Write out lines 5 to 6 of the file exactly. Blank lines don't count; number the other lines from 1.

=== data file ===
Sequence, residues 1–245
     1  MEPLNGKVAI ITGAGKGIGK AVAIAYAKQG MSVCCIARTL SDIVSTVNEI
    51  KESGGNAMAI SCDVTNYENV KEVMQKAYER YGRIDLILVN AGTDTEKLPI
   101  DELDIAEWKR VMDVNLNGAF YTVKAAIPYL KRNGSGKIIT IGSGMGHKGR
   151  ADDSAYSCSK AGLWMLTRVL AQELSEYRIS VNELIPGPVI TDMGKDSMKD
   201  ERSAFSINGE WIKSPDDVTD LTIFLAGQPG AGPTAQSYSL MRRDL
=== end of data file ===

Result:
   151  ADDSAYSCSK AGLWMLTRVL AQELSEYRIS VNELIPGPVI TDMGKDSMKD
   201  ERSAFSINGE WIKSPDDVTD LTIFLAGQPG AGPTAQSYSL MRRDL